The top parties’ candidates

Claude Mary Lucy SebThe candidate in first place for Labour is certain to be re-elected this time. He is Claude Moraes, who has been an MEP in Brussels since 1999 and is Deputy Leader of the Labour group and spokesperson for home affairs and justice for the Socialist and Democrats group in the European Parliament. Along with all other MEPs his Brussels record of activity is monitored by the independent VoteWatch thinktank, and their profile for him is here. His Twitter account is here. Second on the Labour list is another incumbent, Mary Honeyball, who became an MEP in 2000. She is Labour spokesperson on women’s rights and gender equality and her VoteWatch profile is here. Her Twitter account is hereLucy Anderson is the third placed Labour candidate and she has a realistic chance of being elected as MEP. She is a former Councillor in the London Borough of Camden and is currently a senior manager at National Union of Teachers, with a Twitter account here. Labour’s fourth candidate is Seb Dance, who works for an international development charity: he has no hope of being elected unless Labour surges late on.

Maria Tannock KamallThe Conservatives are unlikely to add to their group of three London MEPs, and will probably lose one. Their incumbents standing for re-election are led by Syed Kamall, who assumed office in 2005 and is also the Leader of the Conservative group in the European Parliament. His voting record can be found on VoteWatch here, and his Twitter feed here. Charles Tannock has a good chance of holding onto his seat as the second-placed candidate on the Conservative list. He is Spokesperson on foreign affairs for the Conservatives and Reformists group in the European Parliament, with his voting record available here and Tweets here. Third on the party’s list is Marina Yannakoudakis, who is at risk of losing her seat after one term in office. She is currently the Conservative Spokesperson on women’s rights and health; her VoteWatch profile is here and her Twitter feed here.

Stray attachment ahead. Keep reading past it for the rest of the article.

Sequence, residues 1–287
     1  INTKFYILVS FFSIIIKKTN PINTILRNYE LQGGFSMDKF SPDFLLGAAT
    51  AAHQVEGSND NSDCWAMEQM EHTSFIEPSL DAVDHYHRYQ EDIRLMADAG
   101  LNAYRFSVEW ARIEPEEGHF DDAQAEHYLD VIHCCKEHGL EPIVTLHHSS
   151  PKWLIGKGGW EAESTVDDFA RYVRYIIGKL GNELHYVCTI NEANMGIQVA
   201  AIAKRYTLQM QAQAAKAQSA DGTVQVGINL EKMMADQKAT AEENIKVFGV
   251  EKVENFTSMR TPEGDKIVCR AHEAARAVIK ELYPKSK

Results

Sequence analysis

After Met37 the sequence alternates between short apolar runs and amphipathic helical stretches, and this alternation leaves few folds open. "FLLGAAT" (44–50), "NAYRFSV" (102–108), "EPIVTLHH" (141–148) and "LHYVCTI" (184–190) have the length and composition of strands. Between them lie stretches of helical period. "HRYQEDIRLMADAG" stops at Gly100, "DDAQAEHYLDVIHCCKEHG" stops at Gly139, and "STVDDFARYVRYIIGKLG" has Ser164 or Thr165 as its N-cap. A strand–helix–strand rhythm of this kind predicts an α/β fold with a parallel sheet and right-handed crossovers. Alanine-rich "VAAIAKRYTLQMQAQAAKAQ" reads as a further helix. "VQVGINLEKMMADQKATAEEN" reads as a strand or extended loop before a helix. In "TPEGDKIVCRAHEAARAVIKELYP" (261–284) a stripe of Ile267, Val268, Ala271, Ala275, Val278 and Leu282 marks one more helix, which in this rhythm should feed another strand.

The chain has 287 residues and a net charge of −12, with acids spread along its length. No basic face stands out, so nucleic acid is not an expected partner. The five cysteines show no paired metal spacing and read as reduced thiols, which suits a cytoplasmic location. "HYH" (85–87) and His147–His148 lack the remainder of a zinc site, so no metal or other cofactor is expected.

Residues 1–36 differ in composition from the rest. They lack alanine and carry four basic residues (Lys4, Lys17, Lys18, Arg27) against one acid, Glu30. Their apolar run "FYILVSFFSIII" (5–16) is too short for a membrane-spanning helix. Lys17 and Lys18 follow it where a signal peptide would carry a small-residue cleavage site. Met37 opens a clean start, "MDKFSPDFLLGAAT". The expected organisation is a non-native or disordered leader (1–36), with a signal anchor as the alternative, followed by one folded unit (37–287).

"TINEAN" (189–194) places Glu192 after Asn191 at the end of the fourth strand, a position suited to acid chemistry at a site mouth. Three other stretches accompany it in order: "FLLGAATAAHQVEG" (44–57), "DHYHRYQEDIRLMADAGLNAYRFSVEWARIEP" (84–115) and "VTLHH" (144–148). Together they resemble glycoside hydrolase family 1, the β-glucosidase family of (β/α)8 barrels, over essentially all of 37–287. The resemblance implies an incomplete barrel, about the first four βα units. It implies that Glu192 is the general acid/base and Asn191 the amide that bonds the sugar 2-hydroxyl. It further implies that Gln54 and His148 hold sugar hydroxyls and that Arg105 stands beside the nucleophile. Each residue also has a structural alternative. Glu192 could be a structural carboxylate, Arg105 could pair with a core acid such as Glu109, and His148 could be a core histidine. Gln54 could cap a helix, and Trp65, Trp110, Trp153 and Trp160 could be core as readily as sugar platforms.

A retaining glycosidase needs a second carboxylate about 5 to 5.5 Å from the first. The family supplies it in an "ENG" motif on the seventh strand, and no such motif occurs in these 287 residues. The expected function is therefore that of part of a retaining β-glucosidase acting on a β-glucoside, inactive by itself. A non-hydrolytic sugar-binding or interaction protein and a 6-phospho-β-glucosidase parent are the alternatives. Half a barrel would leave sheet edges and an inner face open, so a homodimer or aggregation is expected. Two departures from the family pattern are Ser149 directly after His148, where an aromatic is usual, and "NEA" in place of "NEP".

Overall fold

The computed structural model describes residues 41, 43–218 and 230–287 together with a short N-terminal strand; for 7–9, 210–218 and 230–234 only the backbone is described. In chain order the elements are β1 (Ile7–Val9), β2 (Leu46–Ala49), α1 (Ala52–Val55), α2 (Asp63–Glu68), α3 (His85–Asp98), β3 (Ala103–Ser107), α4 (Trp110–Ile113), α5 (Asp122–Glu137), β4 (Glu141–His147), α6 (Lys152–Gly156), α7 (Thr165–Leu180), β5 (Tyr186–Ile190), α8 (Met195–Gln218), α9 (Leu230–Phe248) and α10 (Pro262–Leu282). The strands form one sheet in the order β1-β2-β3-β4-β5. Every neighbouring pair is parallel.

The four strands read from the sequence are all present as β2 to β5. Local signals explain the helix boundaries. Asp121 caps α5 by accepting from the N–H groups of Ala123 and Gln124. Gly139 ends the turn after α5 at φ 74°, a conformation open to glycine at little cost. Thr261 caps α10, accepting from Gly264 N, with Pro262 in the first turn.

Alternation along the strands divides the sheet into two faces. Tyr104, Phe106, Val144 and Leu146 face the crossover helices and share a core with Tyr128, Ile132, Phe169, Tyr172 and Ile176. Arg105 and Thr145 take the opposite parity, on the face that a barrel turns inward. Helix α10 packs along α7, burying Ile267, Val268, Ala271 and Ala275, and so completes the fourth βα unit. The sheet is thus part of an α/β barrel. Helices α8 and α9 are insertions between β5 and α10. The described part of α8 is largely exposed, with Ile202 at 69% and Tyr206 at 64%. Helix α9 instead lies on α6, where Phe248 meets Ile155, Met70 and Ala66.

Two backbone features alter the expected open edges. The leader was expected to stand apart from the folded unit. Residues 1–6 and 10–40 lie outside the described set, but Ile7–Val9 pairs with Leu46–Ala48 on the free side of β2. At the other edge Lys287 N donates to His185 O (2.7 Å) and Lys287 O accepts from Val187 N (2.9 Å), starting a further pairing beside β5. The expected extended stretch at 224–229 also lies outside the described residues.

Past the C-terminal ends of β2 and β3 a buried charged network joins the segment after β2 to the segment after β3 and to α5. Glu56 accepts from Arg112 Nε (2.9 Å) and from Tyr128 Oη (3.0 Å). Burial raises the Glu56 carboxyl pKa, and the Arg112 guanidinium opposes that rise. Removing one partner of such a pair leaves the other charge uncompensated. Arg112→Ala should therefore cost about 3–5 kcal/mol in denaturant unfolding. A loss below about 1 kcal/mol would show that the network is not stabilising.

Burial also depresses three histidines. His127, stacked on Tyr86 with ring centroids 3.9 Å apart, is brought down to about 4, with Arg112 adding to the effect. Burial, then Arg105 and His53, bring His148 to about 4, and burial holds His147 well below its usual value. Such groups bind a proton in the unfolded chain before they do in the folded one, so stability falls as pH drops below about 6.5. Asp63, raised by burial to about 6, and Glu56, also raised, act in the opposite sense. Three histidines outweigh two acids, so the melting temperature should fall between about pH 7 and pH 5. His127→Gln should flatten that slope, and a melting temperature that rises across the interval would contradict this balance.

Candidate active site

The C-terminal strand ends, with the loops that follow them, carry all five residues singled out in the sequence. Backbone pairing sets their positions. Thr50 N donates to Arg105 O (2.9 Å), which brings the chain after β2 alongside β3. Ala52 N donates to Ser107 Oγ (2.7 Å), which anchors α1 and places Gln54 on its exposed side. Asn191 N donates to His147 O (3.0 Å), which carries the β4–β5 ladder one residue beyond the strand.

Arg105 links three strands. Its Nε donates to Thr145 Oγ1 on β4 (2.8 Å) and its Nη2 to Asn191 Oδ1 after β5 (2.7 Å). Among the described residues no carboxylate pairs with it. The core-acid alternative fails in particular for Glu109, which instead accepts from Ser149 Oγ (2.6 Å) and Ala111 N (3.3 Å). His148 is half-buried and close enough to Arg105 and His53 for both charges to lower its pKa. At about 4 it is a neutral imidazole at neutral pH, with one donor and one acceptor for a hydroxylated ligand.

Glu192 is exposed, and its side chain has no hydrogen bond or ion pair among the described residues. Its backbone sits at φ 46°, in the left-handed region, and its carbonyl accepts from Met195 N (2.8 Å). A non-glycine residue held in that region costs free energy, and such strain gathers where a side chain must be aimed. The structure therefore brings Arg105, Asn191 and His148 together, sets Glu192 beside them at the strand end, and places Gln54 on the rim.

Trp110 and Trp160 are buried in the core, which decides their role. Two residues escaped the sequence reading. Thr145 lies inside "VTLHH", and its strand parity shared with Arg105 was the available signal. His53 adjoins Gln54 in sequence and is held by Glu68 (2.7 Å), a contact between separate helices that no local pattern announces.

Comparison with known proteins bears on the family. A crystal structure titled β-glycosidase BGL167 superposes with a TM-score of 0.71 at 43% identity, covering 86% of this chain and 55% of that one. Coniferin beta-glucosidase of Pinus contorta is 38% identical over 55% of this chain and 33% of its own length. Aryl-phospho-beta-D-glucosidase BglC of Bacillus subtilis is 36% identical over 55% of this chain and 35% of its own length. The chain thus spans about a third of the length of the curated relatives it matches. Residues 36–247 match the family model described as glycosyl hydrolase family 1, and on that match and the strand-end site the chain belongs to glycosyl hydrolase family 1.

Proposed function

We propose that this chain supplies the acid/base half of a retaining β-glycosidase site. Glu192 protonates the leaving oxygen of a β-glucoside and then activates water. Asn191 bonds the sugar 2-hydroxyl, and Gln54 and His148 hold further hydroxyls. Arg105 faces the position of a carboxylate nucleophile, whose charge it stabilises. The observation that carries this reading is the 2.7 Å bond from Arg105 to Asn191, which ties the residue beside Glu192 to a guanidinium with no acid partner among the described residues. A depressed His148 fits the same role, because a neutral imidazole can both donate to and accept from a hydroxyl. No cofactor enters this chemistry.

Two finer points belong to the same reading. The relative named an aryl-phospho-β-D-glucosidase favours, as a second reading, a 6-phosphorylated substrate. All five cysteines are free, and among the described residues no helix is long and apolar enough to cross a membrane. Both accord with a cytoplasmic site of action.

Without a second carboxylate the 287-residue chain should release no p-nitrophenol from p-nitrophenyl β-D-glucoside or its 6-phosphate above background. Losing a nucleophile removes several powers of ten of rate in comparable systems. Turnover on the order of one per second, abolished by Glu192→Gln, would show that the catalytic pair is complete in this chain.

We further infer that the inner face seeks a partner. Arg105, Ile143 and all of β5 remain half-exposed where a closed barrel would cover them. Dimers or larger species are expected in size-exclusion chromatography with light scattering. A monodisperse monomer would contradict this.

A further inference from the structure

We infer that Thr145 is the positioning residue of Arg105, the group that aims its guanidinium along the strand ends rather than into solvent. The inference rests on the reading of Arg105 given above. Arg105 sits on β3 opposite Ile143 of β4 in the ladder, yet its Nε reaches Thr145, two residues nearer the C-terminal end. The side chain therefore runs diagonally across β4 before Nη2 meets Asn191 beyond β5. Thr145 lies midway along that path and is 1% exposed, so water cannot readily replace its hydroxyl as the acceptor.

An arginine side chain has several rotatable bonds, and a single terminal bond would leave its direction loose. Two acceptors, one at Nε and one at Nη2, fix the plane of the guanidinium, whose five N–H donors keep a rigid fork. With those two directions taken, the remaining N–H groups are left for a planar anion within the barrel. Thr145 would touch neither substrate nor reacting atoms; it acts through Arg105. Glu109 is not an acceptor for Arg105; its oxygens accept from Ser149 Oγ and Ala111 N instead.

londonm4oakleyp UKIP’s sole London MEP, Gerard Batten, is standing for re-election at the top of the party’s list, having first been elected in 2004. Batten was a founding member of UKIP and stood for the party leadership in 2004. His profile of Brussels activity is on VoteWatch here, and you read his Tweets here. UKIP’s second candidate, the only other with a realistic hope of being elected, is Paul Oakley, a barrister who joined UKIP in 2011 after previously standing as a Conservatives general election candidate. His Twitter feed is here. He has a chance of being elected should UKIP perform very strongly.

ldeuro51The Liberal Democrats have their incumbent MEP Sarah Ludford as their first-placed candidate. She was elected in 1999 and is the party’s justice and human rights spokesperson. You can view her Brussels voting record here and Twitter feed here. Interestingly she is also a member of the House of Lords, but with voting privileges suspended while she serves as an MEP.  Second on the Liberal Democrat list is writer, lecturer and broadcaster Jonathan Fryer. Given the fall in the party’ support, he has no realistic hope of being elected.

grneuro51The Greens’ well known incumbent MEP Jean Lambert tops the party’s list for London. She has been an MEP since 1999 and her Votewatch profile is here. Previously she was a political campaigner and was closely involved with the Charter 88 movement. Her Twitter account is here.  The party’s national spokesperson on animals Caroline Allen is the Green’s second placed candidate, although she has no hope of winning a seat.

The London constituency for the European Parliament election corresponds with the area covered by the Greater London Authority: the 32 London boroughs and the City of London. It is bordered by the counties of Berkshire, Hertfordshire, Buckinghamshire, Essex, Kent and Surrey.

Click here to read the rest of Democratic Audit’s Euro elections briefings